We were unable to describe a change in the *V*/*F* with age separate from the effect of body weight. This could be explained by the fact that the maturation of the volume of distribution is usually completed within a few weeks after birth (42). Since our study cohort did not include any neonates, characterization of this physiological process was not feasible. On the other hand, we were able to describe an increase in the relative bioavailability of the oral liquid formulations compared with the capsule with age using an *E*_{max} model. The model estimated a mature value of 0.79 for the relative bioavailability, which is consistent with studies in adults that resulted in the 20% dose increase recommended by the manufacturer when oral liquid formulations are used (48). However, the model suggests that at ages 1 and 3 years, the relative bioavailabilities are only 0.42 and 0.61, respectively, and 90% of the mature value is reached at an age of 8 years. Likewise, previous studies have estimated the relative bioavailability of the oral liquid formulations in children to be 0.47 and 0.62 (48, 49). Such low bioavailability may explain the high incidence of subtherapeutic EFV concentrations among children (17–19) and suggests the need to use oral liquid formulations at doses that are 150% of the capsule doses.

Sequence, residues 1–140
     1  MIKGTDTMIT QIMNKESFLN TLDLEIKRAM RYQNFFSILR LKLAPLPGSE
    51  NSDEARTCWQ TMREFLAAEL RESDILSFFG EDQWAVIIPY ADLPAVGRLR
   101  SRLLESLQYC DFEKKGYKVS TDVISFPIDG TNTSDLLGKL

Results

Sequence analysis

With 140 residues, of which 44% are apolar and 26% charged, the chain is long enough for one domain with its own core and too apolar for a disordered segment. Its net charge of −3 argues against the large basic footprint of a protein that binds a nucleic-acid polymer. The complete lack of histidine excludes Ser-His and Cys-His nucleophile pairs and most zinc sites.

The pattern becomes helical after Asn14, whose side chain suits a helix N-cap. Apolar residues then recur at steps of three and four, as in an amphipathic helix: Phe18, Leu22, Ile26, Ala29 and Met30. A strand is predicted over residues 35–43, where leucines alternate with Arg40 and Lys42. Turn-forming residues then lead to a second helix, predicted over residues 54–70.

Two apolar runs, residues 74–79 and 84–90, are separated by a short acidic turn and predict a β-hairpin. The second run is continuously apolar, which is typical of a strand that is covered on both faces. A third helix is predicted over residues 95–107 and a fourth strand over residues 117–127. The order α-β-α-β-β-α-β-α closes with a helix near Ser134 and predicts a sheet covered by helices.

In our analysis, we did not find an association between the MDR1-C3435T polymorphism and any of the EFV PK parameters. The MDR-1 gene is the gene that codes for the cellular drug efflux pump P glycoprotein, and its expression enhances elimination and reduces drug exposure (50). This is consistent with the findings of other studies (51, 52). Haas et al. detected no association between the MDR1-C3435T polymorphism and altered efavirenz exposure, but the polymorphism was a predictor of a decreased risk for virologic failure and a lower incidence of resistance emergence (51). Moreover, an *in vitro* study failed to show that efavirenz is a substrate for P glycoprotein (52).

No effect of sex or race was found in our analysis of EFV CL/*F*. Some previous studies also showed no correlation between EFV PK and race (53) or sex (5, 12, 13, 53). This could be attributed to the insignificant differences in CYP2B6 expression between males and females (16). Other studies, however, have reported lower EFV concentrations in males than in females (10, 15) and lower clearance in blacks and Hispanics than in whites (11, 12). The race effect observed in some studies could be attributed to differences in CYP2B6 genotype distributions.